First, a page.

Towards Development of Steady-State Somatosensory Evoked Potentials (SSSEPs)-Based Brain-Computer Interfaces
The objective of this research is to develop and evaluate a tactile-based BCI, induced by vibratory stimulation. Preliminary study towards detecting conscious awareness of, and communicate with, behaviorally non-responsive patients. This project involves interdisciplinary collaboration between engineering (ISE and EE), neuroscience (Neurology), assistive technology and medical science. These SSSEP features will be used to develop a hybrid BCI for behaviorally non-responsive patients.
The objective of this research is to investigate the collaborative behavior of peop le with motor disabilities (i.e., amyotrophic lateral sclerosis, ALS) using a collaborative BCI system that utilizes steady-state visually evoked potentials (SSVEPs). The NC State Brainbot BCI was used as a test bed for the research.
A P300-based brain-computer interface (BCI): effects of luminosity contrast, stimulus duration, interface type & screen size
This research focuses on the usability analysis of P300-based BCI applications with four independent variables: luminosity contrast, stimulus duration, interface type, and screen size. The difference in task performance between participants with and without motor disabilities is also analyzed. P300 Speller is used as the test bed in the research. This research intends to provide invaluable empirical data and meaningful insights to the future research of P300-based BCI applications.
Initial Assessment of Hand Orthosis: Implications for Brain-Computer Interface-Driven Motor Rehabilitation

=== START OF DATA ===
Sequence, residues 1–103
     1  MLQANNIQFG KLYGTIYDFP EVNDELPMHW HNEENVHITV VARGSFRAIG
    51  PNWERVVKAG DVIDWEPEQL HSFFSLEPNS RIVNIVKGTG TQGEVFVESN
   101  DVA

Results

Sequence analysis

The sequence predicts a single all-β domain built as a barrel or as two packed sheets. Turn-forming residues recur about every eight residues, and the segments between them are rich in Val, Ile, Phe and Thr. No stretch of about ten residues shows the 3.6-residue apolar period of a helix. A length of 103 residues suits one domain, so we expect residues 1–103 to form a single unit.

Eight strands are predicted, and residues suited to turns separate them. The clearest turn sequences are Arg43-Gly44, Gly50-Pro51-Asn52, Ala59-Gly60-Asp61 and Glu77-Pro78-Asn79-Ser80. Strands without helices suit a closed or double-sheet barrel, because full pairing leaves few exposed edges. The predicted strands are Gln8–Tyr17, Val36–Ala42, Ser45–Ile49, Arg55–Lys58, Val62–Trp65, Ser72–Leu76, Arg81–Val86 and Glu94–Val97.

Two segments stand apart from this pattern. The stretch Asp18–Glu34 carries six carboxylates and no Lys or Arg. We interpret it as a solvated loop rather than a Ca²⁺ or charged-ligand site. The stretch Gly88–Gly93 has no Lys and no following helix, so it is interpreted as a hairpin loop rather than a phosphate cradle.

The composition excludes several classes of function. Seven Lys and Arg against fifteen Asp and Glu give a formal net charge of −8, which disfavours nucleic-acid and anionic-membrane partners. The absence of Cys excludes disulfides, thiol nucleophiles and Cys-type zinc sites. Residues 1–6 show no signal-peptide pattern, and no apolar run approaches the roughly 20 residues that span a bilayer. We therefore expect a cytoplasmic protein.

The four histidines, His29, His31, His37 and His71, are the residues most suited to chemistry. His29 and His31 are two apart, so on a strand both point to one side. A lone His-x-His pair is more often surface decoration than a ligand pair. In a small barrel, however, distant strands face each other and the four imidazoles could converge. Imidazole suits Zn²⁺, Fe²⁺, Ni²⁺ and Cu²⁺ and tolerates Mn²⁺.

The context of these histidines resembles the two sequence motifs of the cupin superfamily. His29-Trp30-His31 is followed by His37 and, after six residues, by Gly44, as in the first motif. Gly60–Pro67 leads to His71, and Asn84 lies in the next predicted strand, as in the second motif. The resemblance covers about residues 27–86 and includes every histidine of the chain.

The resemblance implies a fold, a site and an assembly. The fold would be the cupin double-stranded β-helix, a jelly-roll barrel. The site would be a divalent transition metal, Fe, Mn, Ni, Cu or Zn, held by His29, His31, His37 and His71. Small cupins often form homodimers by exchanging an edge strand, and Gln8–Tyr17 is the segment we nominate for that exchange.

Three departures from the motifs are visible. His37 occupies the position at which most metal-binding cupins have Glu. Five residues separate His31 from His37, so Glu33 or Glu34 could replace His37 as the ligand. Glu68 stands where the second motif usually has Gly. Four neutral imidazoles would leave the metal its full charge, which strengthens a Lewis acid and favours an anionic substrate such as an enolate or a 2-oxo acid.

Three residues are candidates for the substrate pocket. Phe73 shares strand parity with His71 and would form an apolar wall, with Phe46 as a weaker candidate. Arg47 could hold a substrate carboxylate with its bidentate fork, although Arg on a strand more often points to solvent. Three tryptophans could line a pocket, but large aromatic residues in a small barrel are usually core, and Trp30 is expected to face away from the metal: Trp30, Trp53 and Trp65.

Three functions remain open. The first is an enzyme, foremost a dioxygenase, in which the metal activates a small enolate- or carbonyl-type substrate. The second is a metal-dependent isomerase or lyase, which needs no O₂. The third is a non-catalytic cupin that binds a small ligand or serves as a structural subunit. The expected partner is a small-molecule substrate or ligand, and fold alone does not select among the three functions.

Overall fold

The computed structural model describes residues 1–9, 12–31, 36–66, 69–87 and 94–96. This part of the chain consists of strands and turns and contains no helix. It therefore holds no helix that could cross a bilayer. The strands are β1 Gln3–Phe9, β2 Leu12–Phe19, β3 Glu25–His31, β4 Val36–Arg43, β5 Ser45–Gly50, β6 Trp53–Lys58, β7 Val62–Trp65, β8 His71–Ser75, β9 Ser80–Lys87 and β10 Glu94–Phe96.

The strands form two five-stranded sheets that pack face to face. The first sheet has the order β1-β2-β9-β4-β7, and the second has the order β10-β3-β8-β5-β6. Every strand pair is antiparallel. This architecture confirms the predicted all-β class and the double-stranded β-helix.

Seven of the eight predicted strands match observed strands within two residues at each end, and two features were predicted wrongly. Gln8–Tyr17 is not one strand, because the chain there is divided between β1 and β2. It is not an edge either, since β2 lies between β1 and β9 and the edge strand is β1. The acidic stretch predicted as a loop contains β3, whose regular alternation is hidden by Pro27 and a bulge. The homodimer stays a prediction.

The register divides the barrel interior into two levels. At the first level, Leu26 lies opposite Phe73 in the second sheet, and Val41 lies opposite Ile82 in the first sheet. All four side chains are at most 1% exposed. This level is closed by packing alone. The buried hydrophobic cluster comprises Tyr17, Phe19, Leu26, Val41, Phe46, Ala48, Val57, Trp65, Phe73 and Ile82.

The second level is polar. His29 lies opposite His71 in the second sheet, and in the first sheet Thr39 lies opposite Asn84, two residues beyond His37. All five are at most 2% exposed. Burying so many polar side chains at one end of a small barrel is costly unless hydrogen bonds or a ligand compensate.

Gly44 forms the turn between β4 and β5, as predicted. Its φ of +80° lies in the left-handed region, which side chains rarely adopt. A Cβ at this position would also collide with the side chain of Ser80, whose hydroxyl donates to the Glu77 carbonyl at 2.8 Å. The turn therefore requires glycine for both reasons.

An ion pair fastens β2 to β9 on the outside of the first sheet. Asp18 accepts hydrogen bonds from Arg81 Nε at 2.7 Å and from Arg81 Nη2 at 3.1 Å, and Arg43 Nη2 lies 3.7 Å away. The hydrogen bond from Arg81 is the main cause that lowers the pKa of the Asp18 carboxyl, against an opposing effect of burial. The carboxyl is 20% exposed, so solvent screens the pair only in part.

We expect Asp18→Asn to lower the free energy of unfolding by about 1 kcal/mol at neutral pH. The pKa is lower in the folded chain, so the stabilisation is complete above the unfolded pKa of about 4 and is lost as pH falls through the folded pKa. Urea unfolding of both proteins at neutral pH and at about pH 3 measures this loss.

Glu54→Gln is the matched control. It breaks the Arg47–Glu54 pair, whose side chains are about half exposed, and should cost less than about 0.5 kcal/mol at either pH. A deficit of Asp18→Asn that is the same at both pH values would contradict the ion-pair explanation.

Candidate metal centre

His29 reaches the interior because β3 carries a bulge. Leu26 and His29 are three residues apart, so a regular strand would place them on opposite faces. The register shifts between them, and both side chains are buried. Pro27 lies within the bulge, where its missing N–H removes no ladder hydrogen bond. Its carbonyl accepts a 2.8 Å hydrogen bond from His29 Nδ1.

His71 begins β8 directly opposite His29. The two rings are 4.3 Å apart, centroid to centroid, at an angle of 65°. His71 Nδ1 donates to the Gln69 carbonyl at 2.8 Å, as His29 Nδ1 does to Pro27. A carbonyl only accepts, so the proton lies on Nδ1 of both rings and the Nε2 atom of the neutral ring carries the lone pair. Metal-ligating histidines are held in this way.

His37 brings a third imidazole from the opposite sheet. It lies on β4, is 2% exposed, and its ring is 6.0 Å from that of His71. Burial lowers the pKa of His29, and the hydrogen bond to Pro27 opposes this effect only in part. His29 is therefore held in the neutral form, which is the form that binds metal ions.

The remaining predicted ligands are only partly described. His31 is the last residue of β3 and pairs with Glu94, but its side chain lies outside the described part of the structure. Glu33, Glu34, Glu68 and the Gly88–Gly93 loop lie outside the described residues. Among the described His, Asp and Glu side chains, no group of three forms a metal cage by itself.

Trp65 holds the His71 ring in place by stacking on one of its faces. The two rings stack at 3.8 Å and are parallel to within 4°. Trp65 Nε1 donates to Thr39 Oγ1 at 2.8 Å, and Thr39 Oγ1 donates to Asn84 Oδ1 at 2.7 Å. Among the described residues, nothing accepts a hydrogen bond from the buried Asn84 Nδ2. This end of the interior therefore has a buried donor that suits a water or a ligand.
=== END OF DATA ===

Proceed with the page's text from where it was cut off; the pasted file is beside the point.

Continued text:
The objective of this research is to address a general lack of understanding on the wearing comfort and usability of the hand orthosis as well as efficacy of brain-computer interface (BCI)-driven orthosis as a potential rehabilitation tool. Findings from this study will also allow us to conduct long-term rehabilitation studies with stroke patients who have severe motor impairments.
Functional Electrical Stimulation (FES) based Brain Computer Interfaces (BCIs) for Rehabilitation of Stroke Patients
The objective of this research is to validate if paralyzed multiple limbs can be controlled in real time by a Motor Imagery (MI) based Brain Computer Interface (BCI) with Functional Electrical Stimulation (FES), and to improve system accuracy based on subject-specific reference and stimulation time epochs. This research study will be extended to improve fine motor control of the hands.
I-SMILE Smart Healthcare: Assessment of Upper Limb Motion Tracking Based on Wearable Inertial Sensors
The Smart Healthcare project is a research initiative to investigate and develop a new system for allowing physical therapists to remotely monitor the rehabilitation progress of their patients. The hardware component of this project includes an array of wearable, wireless sensors for monitoring upper limb range of motion, as well as trunk movement. The software component consists of an application to gather the motion data from the sensor arrays, process the data to recreate the patients’ movements, and then present the clinically relevant information for each patient to a therapist, with special note made for any abnormalities found with the recorded motions.
The Effects of Individual Difference on Discrete Affective Stimuli Processing: An EEG Study
The objective of this research is to investigate how people process discrete affective picture stimuli, using electroencephalogram (EEG). Event-related potential (ERP) and coherence of brain areas are analyzed, subject to emotional granularity and discrete emotional categories. This study helps to understand human emotions would give insights beyond traditional knowledge and experiences.
Haptic User Interfaces for the Visually Impaired: Implications for Haptically Enhanced Science Learning Systems
The objective of this research is to support visually impaired students’ science learning through sensorial feedback was systematically studied to investigate task performance and user behavior. The results of this study as well as a set of refined design guidelines and principles should provide insights to the future research of haptic user interfaces that can be used when developing haptically enhanced science learning systems for the visually impaired.